The weird spinny light, it turns out, is basically an evil emotional vampire, creating and feeding on everyone’s negative emotions. Once Kirk convinces Kang that they’re being manipulated, they both order their men to stop fighting. They also laugh as they tell the alien to hit the road, which is pretty funny,  particularly when Kang smacks Kirk hard on the back, and Kirk, nearly falling over, has to keep laughing anyway. HA.

Chief Asshat: I mean. We’re told Chekov isn’t at fault for assaulting Mara, but it’s worth pointing out that he’s the only character who tries to rape anyone. Also—and this is obviously less important—he keeps holding his sword with one hand around the blade like, Chekov, my dude. What the fuck are you doing here?

MVP: Sulu, no question. He seems to be the only person who’s never affected by the alien, and he awesomely takes out one of the Klingons with a magnificent judo chop to the neck. (Though sadly, he rarely gets to use the sword he carries, which is just poor continuity, considering “The Naked Time” and all.)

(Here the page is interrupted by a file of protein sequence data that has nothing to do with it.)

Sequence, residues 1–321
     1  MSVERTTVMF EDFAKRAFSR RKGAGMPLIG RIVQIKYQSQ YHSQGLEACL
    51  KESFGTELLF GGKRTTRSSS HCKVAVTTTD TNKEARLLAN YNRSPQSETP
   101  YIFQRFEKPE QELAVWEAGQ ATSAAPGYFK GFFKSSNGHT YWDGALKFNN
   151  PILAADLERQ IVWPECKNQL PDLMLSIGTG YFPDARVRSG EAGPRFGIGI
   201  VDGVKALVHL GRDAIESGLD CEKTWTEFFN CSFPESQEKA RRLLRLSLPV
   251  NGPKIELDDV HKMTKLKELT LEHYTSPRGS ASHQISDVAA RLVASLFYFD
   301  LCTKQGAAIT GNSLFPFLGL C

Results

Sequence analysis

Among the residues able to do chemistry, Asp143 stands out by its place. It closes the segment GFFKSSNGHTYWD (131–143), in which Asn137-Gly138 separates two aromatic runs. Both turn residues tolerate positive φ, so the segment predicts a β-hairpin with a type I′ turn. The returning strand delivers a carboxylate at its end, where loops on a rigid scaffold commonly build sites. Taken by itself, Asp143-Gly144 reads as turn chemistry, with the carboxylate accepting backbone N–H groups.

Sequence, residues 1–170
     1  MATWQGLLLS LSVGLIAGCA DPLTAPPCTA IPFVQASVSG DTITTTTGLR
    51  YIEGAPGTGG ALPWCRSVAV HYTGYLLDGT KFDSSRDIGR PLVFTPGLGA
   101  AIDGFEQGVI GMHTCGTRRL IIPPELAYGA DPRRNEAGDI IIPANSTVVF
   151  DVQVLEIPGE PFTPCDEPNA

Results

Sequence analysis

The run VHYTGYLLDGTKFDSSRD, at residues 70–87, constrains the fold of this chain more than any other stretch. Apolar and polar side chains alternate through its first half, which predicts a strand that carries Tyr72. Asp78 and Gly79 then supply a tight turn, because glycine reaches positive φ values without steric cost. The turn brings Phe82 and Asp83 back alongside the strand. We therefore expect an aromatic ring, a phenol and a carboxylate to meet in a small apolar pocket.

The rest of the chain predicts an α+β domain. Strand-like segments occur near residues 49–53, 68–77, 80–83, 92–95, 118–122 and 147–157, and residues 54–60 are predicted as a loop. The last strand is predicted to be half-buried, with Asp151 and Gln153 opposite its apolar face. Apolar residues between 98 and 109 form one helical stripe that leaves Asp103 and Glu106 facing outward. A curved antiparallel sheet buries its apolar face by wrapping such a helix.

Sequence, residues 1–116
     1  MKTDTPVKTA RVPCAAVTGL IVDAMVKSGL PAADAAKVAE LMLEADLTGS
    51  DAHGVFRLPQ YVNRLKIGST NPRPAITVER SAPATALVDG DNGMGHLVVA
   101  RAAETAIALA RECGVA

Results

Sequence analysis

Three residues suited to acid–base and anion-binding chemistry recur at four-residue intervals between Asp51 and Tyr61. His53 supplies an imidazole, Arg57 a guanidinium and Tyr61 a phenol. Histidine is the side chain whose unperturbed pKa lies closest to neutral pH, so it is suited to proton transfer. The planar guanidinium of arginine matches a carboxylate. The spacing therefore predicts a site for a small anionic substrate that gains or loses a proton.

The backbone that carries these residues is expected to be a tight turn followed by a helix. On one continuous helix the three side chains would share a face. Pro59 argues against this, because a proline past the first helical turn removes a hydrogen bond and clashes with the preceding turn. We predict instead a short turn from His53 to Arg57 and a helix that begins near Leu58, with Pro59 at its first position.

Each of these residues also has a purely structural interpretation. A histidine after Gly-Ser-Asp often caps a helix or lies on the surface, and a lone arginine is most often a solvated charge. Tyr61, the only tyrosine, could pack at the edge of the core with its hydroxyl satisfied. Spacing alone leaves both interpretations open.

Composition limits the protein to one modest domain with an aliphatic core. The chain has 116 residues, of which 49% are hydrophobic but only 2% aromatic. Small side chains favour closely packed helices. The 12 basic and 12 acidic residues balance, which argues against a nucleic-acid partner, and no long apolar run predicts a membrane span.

Grade: Chocolate

Line of the Episode: Shit, this one’s hard. Kang actually has several great lines, like when Kirk tries to convince him that the alien is keeping anyone from dying, and Kang’s all, “Then no doubt you will reassemble after I’ve hacked you to bits.” Also, when he’s telling the alien to fuck off: “Out! We need no urging to hate humans!” (Kang is pretty great, TBH.) Still, this exchange with Chekov might be my actual favorite.

“You killed my brother!”
“And you volunteer to join him. That is loyalty.”

“For The World is Hollow and I Have Touched the Sky”

Whew. Look, I know I just sold a story that has a nine-word title and all, but goddamn. This one’s a mouthful.

So, this episode is . . . less great. The Enterprise successfully avoids a mysterious missile strike and discover that they were attacked by a 10,000 year old ship that looks like a giant asteroid. The asteroid-ship is on a collision course with a very highly populated planet. No lifeforms are detected, so Kirk, Spock, and Bones head down to the surface, where they are almost immediately captured by aliens who live underground. Whoops. Also? Bones is dying. See, just before beaming down, Bones reluctantly tells Kirk that he has some fatal disease and only has a year to live. (Kirk is sad about it, obviously, but also immediately asks Starfleet for a CMO replacement, and you just know that bullshit wouldn’t have happened if Spock was the one dying. I’m just saying.)